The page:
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Setting IT User Policies That Work

Anup Varier July 26, 2012
Setting IT User Policies That Work
Trends like enterprise mobility, bring-your-own-device and cloud computing are knocking on IT's doors and CIOs are having a hard time deciding whether to welcome them in or be the rude host and turn them away.

The wave of new age technologies that are invading the enterprise has spurred the debate on who sets IT user policy and how organizations can control it. Richard H. Thaler, a Professor of Behavioral Science and Economics, in his paper- "Test, Adapt, Learn: Developing Public Policy with Randomised Controlled Trials" cites two principles that help policy makers create good policies that work for normal people:
- If you want to encourage some activity, make it easy.
- You can't make evidence-based policy decisions without evidence.

"These are exactly the principles that CIOs should apply when making decisions and rolling out a workforce technology, be it a social business and collaboration strategy, hardware refresh, tablet deployment, teleworking strategy, desktop virtualization program, or any other technology program that touches a lot of employees," writes Ted Schadler, Vice President, Principal Analyst at Forrester Research in his blog.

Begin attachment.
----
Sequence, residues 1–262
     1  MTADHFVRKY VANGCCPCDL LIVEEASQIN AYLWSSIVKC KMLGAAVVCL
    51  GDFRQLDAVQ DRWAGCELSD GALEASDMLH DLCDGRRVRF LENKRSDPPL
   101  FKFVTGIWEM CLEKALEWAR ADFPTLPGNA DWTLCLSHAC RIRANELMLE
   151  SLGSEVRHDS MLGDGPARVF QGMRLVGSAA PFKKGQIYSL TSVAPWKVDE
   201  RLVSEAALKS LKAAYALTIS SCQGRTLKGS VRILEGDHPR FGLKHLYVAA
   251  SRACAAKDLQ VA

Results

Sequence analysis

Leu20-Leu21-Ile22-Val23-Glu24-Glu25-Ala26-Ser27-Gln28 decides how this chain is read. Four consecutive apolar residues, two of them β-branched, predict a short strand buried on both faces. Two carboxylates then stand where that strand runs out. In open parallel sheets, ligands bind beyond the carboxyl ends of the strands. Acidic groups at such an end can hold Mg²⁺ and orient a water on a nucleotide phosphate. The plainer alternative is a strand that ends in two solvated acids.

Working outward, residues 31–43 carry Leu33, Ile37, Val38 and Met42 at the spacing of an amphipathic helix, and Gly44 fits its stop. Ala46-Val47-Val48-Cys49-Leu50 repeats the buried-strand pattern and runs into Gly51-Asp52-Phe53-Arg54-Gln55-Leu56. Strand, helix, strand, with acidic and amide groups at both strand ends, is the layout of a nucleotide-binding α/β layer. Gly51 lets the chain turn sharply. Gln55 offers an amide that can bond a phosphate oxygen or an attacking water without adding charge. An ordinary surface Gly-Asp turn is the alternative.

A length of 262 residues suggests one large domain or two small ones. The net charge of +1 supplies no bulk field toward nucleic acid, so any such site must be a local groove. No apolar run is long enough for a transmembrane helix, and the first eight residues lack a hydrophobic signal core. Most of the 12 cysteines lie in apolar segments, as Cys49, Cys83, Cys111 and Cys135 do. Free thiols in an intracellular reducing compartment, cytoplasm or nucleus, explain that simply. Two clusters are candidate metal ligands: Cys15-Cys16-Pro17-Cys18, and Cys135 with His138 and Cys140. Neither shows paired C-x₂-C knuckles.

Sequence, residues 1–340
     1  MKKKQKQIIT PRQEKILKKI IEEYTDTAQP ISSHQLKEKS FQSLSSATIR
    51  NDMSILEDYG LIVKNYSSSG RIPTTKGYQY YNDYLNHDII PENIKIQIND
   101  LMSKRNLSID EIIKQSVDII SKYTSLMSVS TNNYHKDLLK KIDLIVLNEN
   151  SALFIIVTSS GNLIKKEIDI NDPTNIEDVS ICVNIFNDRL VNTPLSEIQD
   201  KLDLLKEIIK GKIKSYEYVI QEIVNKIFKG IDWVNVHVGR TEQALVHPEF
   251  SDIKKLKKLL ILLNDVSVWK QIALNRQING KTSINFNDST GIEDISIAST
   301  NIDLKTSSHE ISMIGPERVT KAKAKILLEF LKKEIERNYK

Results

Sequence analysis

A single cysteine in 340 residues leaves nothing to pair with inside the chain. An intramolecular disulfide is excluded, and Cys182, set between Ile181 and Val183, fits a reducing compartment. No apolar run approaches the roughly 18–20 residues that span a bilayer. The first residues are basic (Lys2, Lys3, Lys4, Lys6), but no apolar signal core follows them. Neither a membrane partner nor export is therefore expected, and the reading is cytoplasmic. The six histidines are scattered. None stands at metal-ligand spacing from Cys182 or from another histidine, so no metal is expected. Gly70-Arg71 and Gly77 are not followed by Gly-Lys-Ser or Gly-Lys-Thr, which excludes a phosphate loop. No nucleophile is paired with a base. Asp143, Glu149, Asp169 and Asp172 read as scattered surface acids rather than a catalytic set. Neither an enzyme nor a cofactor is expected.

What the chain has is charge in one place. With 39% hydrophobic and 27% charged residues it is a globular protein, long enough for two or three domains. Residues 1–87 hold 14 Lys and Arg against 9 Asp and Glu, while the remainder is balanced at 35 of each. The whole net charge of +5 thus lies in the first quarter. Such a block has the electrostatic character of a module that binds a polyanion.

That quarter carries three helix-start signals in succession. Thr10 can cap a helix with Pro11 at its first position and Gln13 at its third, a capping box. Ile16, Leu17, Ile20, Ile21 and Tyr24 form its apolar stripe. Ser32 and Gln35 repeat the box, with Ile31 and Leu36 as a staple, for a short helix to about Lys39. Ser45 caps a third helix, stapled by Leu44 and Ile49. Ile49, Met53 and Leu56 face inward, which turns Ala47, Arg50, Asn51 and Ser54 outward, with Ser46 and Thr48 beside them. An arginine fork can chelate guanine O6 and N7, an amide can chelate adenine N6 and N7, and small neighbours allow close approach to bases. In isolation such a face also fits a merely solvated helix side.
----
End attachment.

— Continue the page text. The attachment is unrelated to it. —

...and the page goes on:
Be it full-fledged enterprise mobility or accessing corporate e-mal over the phone, there needs to be a specific set of rules and guidelines incorporated in the user policy that defines who gets to do what, when and where. The conversation titled ' Who Sets IT User Policy? A CIO Power Panel Discussion' at the Computerworld IT Roadmap event held across the three cities of Bangalore Mumbai and Delhi threw up multiple points of view on the ownership of the policies, the implementers and how to gain maximum compliance.

While creating an effective IT user policy falls under the domain of IT, Sudhir Reddy, CIO, MindTree believes that it is not the sole responsibility of IT. "While a large portion of the responsibility rests on the shoulder of IT, policy building is a very collaborative and consultative effort," he says.

Sunil Mehta, Sr. VP & Area Systems Director- Central Asia, JWT concurs, "User policies cannot be developed by IT in isolation and will have to be a consultative process with the departments involved. IT cannot the big daddy of the organization and dictate terms for everything".

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